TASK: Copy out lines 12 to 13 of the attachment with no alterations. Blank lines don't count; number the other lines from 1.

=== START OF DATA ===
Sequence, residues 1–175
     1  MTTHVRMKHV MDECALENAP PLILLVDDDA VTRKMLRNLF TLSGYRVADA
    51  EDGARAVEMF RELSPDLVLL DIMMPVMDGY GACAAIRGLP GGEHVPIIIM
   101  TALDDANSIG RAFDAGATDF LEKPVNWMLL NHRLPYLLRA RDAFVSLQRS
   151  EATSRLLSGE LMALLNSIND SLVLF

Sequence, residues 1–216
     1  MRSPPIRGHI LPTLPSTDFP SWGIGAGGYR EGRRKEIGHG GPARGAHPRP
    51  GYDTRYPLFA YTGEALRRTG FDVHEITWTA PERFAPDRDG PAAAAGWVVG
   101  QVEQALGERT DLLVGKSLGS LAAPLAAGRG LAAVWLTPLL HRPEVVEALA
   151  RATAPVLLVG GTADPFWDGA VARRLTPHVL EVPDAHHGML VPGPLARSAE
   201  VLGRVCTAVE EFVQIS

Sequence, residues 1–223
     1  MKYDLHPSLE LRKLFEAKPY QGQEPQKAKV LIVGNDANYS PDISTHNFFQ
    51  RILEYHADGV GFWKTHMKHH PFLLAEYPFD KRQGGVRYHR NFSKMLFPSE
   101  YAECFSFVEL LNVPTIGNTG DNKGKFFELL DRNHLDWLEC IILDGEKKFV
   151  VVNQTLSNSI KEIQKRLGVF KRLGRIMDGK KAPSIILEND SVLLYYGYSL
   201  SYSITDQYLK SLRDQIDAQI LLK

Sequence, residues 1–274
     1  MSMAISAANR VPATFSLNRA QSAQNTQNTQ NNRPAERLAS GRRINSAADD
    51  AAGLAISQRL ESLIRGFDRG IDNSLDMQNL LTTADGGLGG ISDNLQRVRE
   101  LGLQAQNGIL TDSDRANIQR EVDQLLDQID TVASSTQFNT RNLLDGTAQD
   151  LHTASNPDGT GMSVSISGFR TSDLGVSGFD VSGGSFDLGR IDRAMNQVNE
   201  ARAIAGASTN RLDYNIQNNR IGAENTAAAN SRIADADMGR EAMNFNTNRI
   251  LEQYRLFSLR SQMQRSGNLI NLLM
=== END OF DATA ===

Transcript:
Sequence, residues 1–223
     1  MKYDLHPSLE LRKLFEAKPY QGQEPQKAKV LIVGNDANYS PDISTHNFFQ